- But with lower asset values, current tax consequences will be reduced.
- Potential for tax advantages assuming long-term recovery in tax-free Roth IRAs.
- New Inherited IRA rules under SECURE Act (see above) might make Roth conversions more attractive for these accounts.
- Cash contribution limitations raised to a maximum of 100% of 2020 adjusted gross income (from 50% currently) if you itemize deductions. Still allowed under CAA.
- Maximum $300 deduction of contributions allowed if you don’t itemize. CAA retains $300 deduction for single filers and adds a $600 deduction for married filing jointly filers.
- CAA provides Employee Retention Tax Credit up to $7K/employee/quarter.
- Meal expenses in restaurants 100% deductible for 2021 and 2022.
- Lifetime Learning credit replaces Tuition and related Expenses deduction.
Rebalancing: No changes in CAA.
- Consider buying stocks/stock funds if your current allocation to stocks has fallen below targets.
- Dollar cost average back into stocks over time to avoid potential large additional declines and benefit from long-term recovery.
Tax-Loss Harvesting: No changes in CAA, but stock market gains since March 2020 have in many cases eliminated tax-loss harvesting opportunities.
- Consider sales of investments with recent declines, coupled with immediate re-purchases of comparable investments (i.e., stock funds to replace stock funds) to maintain overall asset allocation.
- Realized losses can be used to offset gains elsewhere in the portfolio, as well as gains from real estate sales.
- Losses can also be deducted against $3,000 of ordinary income each year and carried forward indefinitely.
- PPA makes sure to avoid “wash sale rule”, which disallows losses if the same security/fund is purchased 30 days after (or before) the sale.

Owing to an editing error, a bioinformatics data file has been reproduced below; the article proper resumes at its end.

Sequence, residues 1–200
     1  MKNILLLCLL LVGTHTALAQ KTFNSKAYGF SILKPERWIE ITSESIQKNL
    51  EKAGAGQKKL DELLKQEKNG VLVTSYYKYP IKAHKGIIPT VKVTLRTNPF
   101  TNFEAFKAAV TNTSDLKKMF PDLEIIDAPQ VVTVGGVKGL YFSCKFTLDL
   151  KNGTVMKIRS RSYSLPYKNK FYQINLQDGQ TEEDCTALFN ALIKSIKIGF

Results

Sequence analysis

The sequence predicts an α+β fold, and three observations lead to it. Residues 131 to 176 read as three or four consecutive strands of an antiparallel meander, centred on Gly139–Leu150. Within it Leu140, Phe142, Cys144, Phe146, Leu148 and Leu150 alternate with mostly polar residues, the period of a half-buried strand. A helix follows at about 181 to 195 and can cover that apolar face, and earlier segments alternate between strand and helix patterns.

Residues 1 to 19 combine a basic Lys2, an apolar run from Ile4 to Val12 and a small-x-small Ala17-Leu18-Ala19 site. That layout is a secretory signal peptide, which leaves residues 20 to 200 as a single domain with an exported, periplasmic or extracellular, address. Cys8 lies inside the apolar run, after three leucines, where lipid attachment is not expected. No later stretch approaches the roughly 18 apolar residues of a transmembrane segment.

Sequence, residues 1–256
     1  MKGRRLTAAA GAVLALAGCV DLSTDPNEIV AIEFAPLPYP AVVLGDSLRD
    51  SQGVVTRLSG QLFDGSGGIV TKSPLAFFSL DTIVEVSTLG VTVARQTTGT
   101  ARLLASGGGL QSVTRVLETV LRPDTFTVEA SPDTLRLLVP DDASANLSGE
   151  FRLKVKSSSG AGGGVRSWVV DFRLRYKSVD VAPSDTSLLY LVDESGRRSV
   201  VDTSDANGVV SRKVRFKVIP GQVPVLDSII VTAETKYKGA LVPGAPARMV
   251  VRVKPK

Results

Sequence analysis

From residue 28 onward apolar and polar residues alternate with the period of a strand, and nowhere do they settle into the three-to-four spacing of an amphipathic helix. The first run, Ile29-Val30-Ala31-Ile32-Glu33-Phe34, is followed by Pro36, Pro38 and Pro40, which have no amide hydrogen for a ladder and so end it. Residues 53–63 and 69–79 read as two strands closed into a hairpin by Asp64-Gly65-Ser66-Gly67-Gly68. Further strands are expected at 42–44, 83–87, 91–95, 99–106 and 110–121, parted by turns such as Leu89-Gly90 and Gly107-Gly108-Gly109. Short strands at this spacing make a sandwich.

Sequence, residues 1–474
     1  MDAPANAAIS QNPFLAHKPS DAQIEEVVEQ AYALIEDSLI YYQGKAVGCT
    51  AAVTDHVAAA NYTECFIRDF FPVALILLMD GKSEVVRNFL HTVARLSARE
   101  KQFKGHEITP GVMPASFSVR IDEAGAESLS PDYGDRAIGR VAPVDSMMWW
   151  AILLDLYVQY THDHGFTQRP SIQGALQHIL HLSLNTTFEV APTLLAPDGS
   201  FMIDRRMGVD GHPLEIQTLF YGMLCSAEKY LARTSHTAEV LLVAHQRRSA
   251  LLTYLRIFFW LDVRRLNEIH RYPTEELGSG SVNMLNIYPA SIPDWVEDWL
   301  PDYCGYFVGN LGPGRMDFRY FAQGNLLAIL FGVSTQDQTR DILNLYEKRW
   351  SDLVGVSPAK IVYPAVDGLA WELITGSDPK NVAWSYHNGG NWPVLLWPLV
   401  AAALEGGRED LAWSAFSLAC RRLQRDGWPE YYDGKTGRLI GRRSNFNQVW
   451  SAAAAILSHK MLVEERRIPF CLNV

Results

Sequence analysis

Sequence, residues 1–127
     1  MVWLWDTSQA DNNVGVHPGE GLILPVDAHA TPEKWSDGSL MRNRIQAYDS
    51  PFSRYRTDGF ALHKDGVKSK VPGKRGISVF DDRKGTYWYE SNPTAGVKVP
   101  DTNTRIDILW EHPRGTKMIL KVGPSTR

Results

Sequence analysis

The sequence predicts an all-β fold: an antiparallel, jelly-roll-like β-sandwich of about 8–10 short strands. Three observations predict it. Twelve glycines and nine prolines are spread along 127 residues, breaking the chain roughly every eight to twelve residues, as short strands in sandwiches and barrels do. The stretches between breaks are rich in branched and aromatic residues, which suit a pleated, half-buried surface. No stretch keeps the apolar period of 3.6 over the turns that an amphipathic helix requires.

- Unemployment benefits administered by individual states. No change in CAA.
- CARES Act provides for additional $600 per week for four months in addition to State unemployment benefits. CAA provides additional Federal benefits of $300 per week for 11 weeks.
- Federal coverage extends State coverage by 13 weeks. Only applied to CARES Act.
- Self-employed and part-time workers eligible in addition to full-time workers. No change in CAA.
- Broad definition of who qualifies for coverage based on quarantines, stay-at-home orders, and required care for sick family members. No change in CAA.
- People already on unemployment also eligible for additional benefits. No change in CAA.
Direct Payments: CAA provides $600 payments for each taxpayer and children under 17. Phaseouts mentioned below still in place.
- Direct payments are based on 2019 tax returns, or 2018 returns if you haven’t yet filed for 2019, to determine the amount, if any, you’re eligible to receive.
- Amounts received in 2020 and 2021 will be checked against 2020 tax returns and potentially increased if 2020 income is lower (but no funds will be re-claimed if 2020 income is higher).
- $1,200 lump sum for each individual with 2019 adjusted gross income (AGI) less than $75,000.
- $2,400 lump sum for each married couple filing jointly with less than $150,000 of 2019 AGI.
- Amounts phase out for individuals up to $99,000 of AGI and couples up to $198,000 of AGI.